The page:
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Gravel root (Eupatorium fistulosum)

Synonyms/Common Names/Related Substances:

  • 5-Acetyl-6-hydroxy-2-(1-oxo-2-acetoxy-ethyl)-benzofuran, 6-hydroxy-3beta-methoxytrematone, agueweed, benzofurans, bitter principle, boneset, cistifolin, crosswort, euparin, euparoire rouge (French), euparone, eupatoire d'eau à tiges rouges (French), eupatoire pourpre (French), Eupatoriadelphus purpureus, eupatorin, Eupatorium, Eupatorium purpureum, Eupatorium ternifolium, Eupatorium verticillatum, eupurpurin, feverwort, flavonoids, gravelroot, gravelweed, green-stemmed joe-pye-weed, hempweed, herbe à la gravelle (French), Indian gravelroot, Indian sage, joe-pye, joe-pye weed, jopi weed, kidney root, kidneywort, king-of-the-meadow, maculatum, marsh-milkweed, motherwort, oleoresin, poskonnik purpurnyi (Russian), purple boneset, purple joe-pye-weed, Purpur-Wasserdost (German), queen of the meadow, queen-of-the-meadow root, quillwort, racine à la gravelle (French), resins, sesquiterpene lactone, slunkweed, sweating plant, sweet joe-pye-weed, tannins, tall boneset, teasel, thoroughwort, trifoliatum, trumpet weed, volatile oil.

Clinical Bottom Line/Effectiveness

Brief Background:

  • Gravel root is indigenous to North America, growing in damp woodlands and rich meadows from Canada to Florida, and as far west as Texas. There are over forty species of the genus, many of which are used medicinally; it is the roots and rhizomes dug up in autumn that are thought to contain the active principles.
  • According to secondary sources, the genus name Eupatorium is derived from King Mithridates Eupator. He was the first to use the plant as a remedy. The popular names "jopi" or "joe-pye" are in honor of an American Indian who cured typhus with its root. The name gravel root is based on its use for kidney stones (gravel).
  • According to secondary sources, Native Americans purportedly used gravel root as a diuretic, for conditions affecting the genitourinary system, and as a diaphoretic to induce perspiration and break a fever.
  • Gravel root was listed in the U.S. Pharmacopeia from 1820 to 1840 and is most noted for its use as a diuretic helping to prevent kidney and bladder stone formation and to help diminish existing stones. It is also often used for cystitis, urethritis, rheumatism, and gout.
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Dosing/Toxicology

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Precautions/Contraindications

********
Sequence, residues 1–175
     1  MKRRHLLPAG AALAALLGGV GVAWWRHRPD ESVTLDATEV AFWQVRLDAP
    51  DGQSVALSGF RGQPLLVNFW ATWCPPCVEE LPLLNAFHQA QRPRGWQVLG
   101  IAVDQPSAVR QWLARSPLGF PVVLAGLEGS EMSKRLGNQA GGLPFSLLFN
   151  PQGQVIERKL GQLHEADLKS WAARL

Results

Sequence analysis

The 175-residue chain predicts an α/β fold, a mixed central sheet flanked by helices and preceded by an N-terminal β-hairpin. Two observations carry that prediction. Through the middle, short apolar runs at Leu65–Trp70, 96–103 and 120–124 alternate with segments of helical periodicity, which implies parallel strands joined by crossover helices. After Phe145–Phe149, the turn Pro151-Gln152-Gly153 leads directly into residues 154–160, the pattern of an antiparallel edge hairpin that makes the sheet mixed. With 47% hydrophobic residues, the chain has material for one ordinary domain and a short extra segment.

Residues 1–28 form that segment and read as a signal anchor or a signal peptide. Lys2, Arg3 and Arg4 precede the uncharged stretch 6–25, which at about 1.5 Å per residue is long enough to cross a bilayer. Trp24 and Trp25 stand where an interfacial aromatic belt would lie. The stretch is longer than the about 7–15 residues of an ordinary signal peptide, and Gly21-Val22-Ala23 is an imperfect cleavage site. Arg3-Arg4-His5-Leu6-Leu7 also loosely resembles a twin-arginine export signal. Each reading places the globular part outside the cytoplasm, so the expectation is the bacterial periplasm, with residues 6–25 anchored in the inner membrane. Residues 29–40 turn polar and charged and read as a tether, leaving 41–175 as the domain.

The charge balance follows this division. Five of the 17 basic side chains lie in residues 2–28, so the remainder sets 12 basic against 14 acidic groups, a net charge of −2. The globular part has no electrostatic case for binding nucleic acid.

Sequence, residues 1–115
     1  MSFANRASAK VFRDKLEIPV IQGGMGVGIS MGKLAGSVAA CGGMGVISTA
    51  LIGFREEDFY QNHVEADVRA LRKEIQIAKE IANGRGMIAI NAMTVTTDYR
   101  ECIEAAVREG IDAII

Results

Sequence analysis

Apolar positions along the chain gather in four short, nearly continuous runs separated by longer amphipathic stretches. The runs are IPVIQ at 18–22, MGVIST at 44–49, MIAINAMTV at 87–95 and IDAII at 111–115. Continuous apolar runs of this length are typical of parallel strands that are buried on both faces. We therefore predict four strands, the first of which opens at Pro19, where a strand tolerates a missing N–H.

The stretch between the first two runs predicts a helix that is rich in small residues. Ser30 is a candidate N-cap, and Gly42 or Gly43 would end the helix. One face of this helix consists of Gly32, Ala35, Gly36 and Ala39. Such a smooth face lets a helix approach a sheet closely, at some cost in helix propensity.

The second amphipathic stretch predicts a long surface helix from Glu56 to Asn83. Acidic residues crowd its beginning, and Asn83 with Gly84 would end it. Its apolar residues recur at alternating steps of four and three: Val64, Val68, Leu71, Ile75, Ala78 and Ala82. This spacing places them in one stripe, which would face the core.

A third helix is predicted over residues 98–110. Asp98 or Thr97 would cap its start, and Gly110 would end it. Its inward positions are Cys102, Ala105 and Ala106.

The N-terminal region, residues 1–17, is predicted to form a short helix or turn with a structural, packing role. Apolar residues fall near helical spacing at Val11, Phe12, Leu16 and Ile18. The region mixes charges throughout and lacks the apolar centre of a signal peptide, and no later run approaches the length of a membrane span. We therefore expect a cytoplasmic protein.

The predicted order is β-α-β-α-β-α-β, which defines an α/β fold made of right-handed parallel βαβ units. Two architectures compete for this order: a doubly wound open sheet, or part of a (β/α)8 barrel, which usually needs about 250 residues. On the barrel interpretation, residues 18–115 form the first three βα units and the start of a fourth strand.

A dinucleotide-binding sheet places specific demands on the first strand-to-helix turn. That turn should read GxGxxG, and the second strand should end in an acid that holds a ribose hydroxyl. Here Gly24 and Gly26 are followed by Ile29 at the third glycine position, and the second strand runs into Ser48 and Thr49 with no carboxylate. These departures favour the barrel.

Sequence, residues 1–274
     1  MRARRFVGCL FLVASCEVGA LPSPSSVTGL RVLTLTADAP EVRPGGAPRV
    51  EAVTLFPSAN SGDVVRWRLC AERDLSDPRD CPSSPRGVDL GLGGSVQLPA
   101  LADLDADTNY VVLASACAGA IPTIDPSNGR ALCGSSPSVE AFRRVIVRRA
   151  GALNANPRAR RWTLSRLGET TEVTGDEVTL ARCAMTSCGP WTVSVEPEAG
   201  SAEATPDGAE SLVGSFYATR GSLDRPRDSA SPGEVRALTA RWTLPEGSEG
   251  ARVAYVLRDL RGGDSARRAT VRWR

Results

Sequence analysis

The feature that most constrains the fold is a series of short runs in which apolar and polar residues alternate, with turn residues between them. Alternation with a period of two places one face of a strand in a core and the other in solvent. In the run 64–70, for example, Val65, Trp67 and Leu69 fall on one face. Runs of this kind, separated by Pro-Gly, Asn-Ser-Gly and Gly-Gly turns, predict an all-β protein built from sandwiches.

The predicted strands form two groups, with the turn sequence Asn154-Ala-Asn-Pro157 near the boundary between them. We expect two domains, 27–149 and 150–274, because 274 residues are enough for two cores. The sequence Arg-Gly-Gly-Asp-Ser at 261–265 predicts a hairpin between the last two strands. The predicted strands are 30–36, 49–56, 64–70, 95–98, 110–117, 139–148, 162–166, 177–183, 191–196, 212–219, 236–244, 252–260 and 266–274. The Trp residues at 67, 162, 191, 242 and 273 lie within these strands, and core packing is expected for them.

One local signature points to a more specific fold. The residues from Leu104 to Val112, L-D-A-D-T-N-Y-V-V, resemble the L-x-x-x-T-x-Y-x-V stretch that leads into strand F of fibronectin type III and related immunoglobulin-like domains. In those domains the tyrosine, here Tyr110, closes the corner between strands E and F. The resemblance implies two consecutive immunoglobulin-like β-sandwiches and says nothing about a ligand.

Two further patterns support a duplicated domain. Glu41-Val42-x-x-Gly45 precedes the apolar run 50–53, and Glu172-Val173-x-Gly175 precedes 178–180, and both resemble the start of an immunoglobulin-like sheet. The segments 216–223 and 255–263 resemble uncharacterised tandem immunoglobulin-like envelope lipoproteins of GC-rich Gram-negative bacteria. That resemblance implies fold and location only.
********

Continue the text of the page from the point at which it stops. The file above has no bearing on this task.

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Interactions

Most herbs and supplements have not been thoroughly tested for interactions with other herbs, supplements, drugs, or foods. The interactions listed below are based on reports in scientific publications, laboratory experiments, or traditional use. You should always read product labels. If you have a medical condition, or are taking other drugs, herbs, or supplements, you should speak with a qualified healthcare provider before starting a new therapy.

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Mechanism of Action

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History

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Evidence Table

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Evidence Discussion

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Products Studied

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Author Information

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References

Natural Standard developed the above evidence-based information based on a thorough systematic review of the available scientific articles. For comprehensive information about alternative and complementary therapies on the professional level, go to www.naturalstandard.com. Selected references are listed below.

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The information in this monograph is intended for informational purposes only, and is meant to help users better understand health concerns. Information is based on review of scientific research data, historical practice patterns, and clinical experience. This information should not be interpreted as specific medical advice. Users should consult with a qualified healthcare provider for specific questions regarding therapies, diagnosis and/or health conditions, prior to making therapeutic decisions.